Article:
Reality Doesn't Bite, part 2
If you were to comb reality down to a few hairs and then split them open, you might be surprised at what you find. Sure, a whole head of hair looks ample and promising, like one large uninterrupted mass, but really it’s just a bunch of hairs collaborating on a basic outline and in reality, it’s mostly empty space. Even a strand of hair isn’t solid. Under a microscope each strand is like witnessing a vast ocean with an occasional tiny atom whizzing by. Our job is simply to connect the dots.
But as we kick the occasional tire, interpretation is no simple task for us humans.
We can certainly say that something happened because we saw it right there, but our memory often fails us not because we are suffering from some brain disorder, but because it layers itself over the bumpy surfaces of our past experience. Memory is often not what actually happened, but instead how we want to remember it. That fleeting moment of actuality is rarely something that can be described in truth, which in itself kind of bites.
Of all entertainment companies, MTV gave it a shot, airing the “Real World” in 1989, just two years prior to the movie “Reality Bites”. What seemed a simple experiment, tossing a motley crew of youth into forced cohabitation, eventually evolved into a soap opera novella. Nearly 20 years later, the entertainment format that blurs the lines between fact and fiction is still extremely popular. We certainly can’t resist the desire to layer in our own perspectives just to make a good story.
And so if the entertainment industry attempts to capture our imagination through the illusion of reality, the tourist industry might be trying even harder. And as my husband and I have seen through our travels in the US these past eleven months, we believe, and we’re not alone, the entire US is going through a major transition right now. It’s not just because of our new president.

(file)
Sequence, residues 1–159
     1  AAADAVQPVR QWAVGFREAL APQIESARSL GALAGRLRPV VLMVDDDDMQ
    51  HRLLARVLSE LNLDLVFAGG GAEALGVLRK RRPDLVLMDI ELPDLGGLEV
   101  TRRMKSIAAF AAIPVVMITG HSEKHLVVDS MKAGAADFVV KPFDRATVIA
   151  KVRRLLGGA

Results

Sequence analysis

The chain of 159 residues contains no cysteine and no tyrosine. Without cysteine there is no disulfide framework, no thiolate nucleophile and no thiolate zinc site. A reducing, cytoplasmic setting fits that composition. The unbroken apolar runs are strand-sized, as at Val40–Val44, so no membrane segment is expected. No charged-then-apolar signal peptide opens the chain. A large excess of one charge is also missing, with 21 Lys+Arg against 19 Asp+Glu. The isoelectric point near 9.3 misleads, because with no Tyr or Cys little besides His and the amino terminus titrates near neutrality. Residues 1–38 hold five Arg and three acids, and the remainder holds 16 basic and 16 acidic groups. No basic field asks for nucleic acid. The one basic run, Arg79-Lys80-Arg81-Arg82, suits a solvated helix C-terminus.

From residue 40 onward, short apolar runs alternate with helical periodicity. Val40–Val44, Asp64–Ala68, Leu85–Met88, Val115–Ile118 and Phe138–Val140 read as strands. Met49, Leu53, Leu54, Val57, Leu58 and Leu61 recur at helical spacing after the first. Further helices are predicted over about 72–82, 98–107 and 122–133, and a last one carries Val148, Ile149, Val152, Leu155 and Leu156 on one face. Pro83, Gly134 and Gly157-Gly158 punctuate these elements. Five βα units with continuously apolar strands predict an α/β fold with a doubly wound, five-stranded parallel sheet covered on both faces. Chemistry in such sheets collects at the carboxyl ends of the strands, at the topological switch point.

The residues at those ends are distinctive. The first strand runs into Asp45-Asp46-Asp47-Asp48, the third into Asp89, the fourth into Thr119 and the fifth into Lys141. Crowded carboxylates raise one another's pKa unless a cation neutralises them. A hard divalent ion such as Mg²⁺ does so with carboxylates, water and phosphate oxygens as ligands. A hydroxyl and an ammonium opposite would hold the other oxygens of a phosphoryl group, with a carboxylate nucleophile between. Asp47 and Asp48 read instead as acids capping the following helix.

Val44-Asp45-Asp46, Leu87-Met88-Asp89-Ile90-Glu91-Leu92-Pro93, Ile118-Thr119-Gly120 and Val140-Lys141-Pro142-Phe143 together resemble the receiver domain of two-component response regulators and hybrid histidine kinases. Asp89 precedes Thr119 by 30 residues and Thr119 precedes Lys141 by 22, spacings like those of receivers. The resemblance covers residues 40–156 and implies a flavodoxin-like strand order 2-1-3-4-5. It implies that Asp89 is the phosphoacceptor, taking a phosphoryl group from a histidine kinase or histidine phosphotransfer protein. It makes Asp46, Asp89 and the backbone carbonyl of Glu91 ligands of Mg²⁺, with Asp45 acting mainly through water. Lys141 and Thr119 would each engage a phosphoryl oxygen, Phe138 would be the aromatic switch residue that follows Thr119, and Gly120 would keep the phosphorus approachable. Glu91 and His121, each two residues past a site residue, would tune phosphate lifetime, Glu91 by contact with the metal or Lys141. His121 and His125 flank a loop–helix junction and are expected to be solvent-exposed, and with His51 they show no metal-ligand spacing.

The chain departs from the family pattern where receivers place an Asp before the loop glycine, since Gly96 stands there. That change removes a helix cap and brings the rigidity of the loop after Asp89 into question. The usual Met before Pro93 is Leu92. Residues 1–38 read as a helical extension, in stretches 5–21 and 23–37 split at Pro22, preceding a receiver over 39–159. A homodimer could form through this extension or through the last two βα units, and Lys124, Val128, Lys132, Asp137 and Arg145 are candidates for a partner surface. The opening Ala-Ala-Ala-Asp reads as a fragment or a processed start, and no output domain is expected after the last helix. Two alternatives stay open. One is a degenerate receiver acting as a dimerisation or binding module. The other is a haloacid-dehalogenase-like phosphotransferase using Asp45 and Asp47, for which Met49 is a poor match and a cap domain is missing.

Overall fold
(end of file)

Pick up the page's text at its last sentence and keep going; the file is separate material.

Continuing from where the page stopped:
My husband and I left behind our American Dream, and we know we are not alone in this pursuit. We might not be the only ones going through a mid-life crisis.
In larger cities, construction cranes reveal massive development in most downtown corridors. For example, you wouldn’t set foot in downtown Los Angeles after dark 20 years ago, but now downtown is safe and vibrant and hipster vegan Fro-Yo is the new heroine.
Money has always been behind our dreams, and when the banking industry collapsed it became even more pronounced, which might take some getting used to. Take a look at the major employers in any US city. Usually, the medical industry tops the list. Hospitals are expanding, of coursed financed by our pervasive legal drugs. And then there’s that giant invisible web of the internet sneaking around and manipulating our shopping and social behaviors. Just follow the money and you will see the Wizard behind Oz.
And then there are the small towns of middle class America standing empty because we now ship manufacturing to other countries. Tourism might be the only hope for the survival of these former factory towns like Detroit and Poughkeepsie. It’s a desperate measure for the middle class to resort to for survival because tourism has historically been a luxury of the upper class who typically are not known for their loyalty.
But travel can be a great form of cultural enrichment, and tourism can have a substantial positive financial impact on a community. It can increase wealth and create jobs. But there can also be adverse environmental and sociocultural impacts.
Take for example Asheville, North Carolina, home to the Biltmore Estate, the largest privately owned home in the United States. According to a 2015 report, tourism has had a significant positive impact on the Asheville economy, reducing unemployment by creating nearly 25,000 new jobs. Asheville only has 90,000 residents and so tourism happens to be the golden ticket that affords the locals their charmed scenic mountain lifestyle.